Kirk Cousins and the Washington Redskins (2-1) put on a show on Sunday night, shutting down Derek Carr and the Oakland Raiders (2-1), 27-10, at FedEx Field in Week 3. Here's what we learned:

1. Kirk Cousins made his first, and maybe his finest, case for a big-time contract extension on Sunday evening. In his first prime-time game since signing a second franchise tag, the Redskins quarterback made mincemeat of Oakland's defense, spreading the ball around to receivers at every position, en route to a 365-yard, three-touchdown evening. Thanks to a clean pocket, Cousins had time to lead three seven-plus-play touchdown drives and make decisive, accurate throws. The quarterback's touchdown toss to fill-in tight end Vernon Davis (5 rec, 58 yards) was a thing of beauty. His first-half efficiency (17 of 19 for 173) was otherworldly. After two so-so outings, Cousins' Week 3 performance will likely be Exhibit A when contract negotiations pick up after the season.

2. With Rob Kelley out, running back responsibilities fell to rookie Samaje Perine and newly minted Chris Thompson. While Perine was rather ineffective as a yard-gainer and lost a bad fumble in 'Skins territory, Thompson proved his indispensable worth for the second game in a row. Washington's leading receiver, Thompson caught six balls out of the backfield for 150 yards, including one back-breaking 74-yard gainer after Oakland had pulled within two scores. Thompson's elusiveness and pinpoint cuts in the open field had Raiders linebackers and defensive backs on skates. Having compiled over 100 yards from scrimmage in back-to-back weeks, Thompson is earning every cent of his two-year extension.

3. Derek Carr will want to forget this game ever took place. The Raiders quarterback, who had been considered an MVP front-runner before Sunday night, looked completely unlike the 2016 Carr who was an accurate, deliberate gunslinger. Carr finished with an anemic stat line: 14-for-26 for a near-career-low 110 yards. After two first-half downfield attempts ended up as underthrown interceptions, Carr looked shaken. The quarterback was flat-footed in the pocket, taking four sacks for the first time since December of 2015. It doesn't get any easier for Carr and Oakland's passing game. Up next: the No Fly Zone in the Mile High City.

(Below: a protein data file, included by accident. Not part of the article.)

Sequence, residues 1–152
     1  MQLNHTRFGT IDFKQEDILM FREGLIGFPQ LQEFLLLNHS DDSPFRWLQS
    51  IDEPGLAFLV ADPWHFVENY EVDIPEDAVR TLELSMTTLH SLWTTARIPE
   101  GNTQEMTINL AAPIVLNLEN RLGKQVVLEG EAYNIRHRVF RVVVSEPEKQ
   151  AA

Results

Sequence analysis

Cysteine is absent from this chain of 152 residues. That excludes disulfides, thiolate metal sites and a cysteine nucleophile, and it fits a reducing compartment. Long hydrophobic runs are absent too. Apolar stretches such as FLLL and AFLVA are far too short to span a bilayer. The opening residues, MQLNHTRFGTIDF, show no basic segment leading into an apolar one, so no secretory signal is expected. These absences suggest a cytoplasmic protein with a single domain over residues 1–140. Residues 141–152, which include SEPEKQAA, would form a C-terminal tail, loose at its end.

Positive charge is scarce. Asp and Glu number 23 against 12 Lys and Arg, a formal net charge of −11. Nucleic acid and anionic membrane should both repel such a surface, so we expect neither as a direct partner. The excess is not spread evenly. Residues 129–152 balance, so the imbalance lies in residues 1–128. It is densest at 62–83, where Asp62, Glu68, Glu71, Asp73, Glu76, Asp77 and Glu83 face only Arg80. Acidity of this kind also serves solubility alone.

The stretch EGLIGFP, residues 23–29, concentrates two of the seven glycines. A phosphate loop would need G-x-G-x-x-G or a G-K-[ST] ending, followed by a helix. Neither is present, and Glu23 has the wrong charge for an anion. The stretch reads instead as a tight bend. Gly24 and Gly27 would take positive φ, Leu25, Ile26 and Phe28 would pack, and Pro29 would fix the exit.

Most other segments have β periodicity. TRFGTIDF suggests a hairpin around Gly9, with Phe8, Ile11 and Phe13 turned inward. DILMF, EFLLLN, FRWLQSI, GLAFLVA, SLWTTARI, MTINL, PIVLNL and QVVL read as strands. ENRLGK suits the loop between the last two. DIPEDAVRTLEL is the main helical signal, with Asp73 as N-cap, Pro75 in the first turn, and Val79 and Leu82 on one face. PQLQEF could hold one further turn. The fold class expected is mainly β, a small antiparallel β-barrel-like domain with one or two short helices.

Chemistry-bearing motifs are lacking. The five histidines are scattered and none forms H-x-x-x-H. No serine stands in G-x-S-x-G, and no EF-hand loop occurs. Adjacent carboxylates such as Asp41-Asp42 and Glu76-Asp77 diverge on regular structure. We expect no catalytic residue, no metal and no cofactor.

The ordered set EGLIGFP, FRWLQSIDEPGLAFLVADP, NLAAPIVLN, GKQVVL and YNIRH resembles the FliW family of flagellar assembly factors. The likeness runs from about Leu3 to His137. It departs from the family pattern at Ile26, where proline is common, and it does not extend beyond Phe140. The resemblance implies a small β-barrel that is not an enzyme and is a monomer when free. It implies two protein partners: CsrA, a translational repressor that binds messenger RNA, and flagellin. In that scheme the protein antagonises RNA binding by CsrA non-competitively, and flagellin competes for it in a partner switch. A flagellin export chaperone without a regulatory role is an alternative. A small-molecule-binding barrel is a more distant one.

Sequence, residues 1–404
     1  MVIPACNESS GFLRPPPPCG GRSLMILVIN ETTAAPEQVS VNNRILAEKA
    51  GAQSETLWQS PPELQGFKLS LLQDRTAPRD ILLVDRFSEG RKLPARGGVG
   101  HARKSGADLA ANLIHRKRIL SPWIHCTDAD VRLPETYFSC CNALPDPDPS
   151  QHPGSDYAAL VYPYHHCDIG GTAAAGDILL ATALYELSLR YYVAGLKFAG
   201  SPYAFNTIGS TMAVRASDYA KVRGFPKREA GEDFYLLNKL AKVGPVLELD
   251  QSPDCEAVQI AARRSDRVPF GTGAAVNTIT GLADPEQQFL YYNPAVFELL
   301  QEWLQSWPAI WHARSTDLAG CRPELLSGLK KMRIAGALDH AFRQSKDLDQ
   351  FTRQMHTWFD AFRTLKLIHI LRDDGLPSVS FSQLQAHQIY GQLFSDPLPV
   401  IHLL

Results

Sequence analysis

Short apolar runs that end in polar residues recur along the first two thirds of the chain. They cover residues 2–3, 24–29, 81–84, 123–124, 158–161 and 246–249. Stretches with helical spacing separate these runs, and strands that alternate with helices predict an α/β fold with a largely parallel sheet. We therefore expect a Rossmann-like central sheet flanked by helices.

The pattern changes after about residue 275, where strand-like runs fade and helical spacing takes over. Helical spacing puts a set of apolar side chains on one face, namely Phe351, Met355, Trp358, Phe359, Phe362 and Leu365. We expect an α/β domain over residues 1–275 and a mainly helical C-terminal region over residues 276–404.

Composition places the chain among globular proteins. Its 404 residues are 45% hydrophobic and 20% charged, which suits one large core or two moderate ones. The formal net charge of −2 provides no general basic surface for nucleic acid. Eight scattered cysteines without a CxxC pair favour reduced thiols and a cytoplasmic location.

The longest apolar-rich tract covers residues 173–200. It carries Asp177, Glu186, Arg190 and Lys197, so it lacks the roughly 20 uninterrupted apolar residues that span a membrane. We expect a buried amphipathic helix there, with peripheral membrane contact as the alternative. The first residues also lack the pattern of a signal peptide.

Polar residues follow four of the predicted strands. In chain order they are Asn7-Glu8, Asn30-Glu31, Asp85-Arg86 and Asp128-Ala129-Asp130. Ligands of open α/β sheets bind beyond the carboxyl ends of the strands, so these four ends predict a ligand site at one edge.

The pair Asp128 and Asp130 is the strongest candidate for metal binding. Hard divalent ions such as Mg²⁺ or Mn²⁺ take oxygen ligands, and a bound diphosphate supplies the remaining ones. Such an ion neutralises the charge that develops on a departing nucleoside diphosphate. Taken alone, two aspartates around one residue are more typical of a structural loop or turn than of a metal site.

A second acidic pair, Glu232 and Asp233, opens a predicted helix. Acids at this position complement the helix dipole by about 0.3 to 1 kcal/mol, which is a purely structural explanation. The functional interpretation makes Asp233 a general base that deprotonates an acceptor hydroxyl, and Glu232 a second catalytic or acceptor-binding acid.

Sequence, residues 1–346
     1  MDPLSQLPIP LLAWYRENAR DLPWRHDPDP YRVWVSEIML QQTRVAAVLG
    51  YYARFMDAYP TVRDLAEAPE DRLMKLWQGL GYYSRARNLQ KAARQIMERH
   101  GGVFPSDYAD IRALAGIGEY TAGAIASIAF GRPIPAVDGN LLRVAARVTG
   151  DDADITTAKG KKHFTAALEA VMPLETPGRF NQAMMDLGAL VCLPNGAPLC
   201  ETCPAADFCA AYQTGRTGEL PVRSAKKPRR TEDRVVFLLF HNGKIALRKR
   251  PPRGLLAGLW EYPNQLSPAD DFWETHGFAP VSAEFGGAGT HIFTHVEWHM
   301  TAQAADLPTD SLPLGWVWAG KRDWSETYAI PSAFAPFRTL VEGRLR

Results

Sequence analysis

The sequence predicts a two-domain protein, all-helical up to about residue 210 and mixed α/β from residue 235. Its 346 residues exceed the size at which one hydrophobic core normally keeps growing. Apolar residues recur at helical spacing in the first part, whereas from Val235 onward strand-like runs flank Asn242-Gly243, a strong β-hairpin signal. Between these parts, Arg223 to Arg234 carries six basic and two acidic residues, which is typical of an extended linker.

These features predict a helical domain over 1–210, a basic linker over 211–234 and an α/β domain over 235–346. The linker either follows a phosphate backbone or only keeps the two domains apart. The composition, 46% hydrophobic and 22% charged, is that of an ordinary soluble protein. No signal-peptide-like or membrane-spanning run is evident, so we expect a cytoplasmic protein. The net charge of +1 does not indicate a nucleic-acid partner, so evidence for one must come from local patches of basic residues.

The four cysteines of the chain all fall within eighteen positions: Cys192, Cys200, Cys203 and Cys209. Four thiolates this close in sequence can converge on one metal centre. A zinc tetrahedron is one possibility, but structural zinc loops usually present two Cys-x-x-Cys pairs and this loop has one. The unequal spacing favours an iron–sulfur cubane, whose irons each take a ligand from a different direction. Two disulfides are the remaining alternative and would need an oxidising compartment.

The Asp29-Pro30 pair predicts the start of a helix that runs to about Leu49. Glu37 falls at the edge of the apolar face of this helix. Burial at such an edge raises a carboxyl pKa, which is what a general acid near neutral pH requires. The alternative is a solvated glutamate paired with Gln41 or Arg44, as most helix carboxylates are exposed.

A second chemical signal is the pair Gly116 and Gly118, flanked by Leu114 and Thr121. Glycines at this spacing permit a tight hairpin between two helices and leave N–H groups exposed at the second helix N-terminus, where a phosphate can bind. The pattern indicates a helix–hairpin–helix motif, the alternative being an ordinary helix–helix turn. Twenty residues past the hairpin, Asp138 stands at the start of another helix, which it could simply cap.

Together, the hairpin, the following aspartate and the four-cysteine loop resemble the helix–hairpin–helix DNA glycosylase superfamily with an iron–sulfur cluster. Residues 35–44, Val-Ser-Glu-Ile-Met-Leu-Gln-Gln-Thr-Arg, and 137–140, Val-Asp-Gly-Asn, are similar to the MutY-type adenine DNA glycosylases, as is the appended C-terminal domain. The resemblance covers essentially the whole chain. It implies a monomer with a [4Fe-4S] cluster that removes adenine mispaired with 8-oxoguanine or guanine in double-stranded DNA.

4. It's hard not to be impressed by Washington's defense as a whole for how they completely discombobulated the Raiders. Players at every level played outside themselves in holding one of the league's top offense to 128 (!) total yards. Ryan Kerrigan (3 TFL) and Preston Smith (1 TFL) were everpresent in the backfield; rookie Jonathan Allen (2 QB hits) hurried Carr early and often; and Zach Brown (10 tackles) was all over the line of scrimmage. But the unit that impressed me the most was D.C.'s secondary. Up against arguably the league's top receiving duo, Washington's defensive backs, led by enforcer safety D.J. Swearinger and rookie Montae Nicholson, set the tone with picks and hard hits. Oakland's wideouts were held to a combined seven catches for 40 yards. Credit to first-year defensive coordinator Greg Manusky.

5. On a play that was all too emblematic of Oakland's evening, maligned wideout Josh Doctson absolutely embarrassed David Amerson on a 52-yard touchdown catch, leaping over the Raiders cornerback to haul in a go-get-it ball from Cousins. This is the second week in a row that Amerson has been on the receiving end of a 'Moss'-ing; Jets wideout Jermaine Kearse did it first.

6. Don't overlook the lack of a Raiders rushing game. Marshawn Lynch might have received headlines last week for dancing like no one was watching, but on Sunday night he was running like no one was blocking, earning just three yards per carry on six attempts. Without Lynch battering Washington's interior defensive line, Oakland failed to get Jalen Richard or Cordarrelle Patterson going on the ground and sustain drives as they against New York the week prior. On the season, Lynch has tallied 139 yards on 36 carries (3.86 YPC).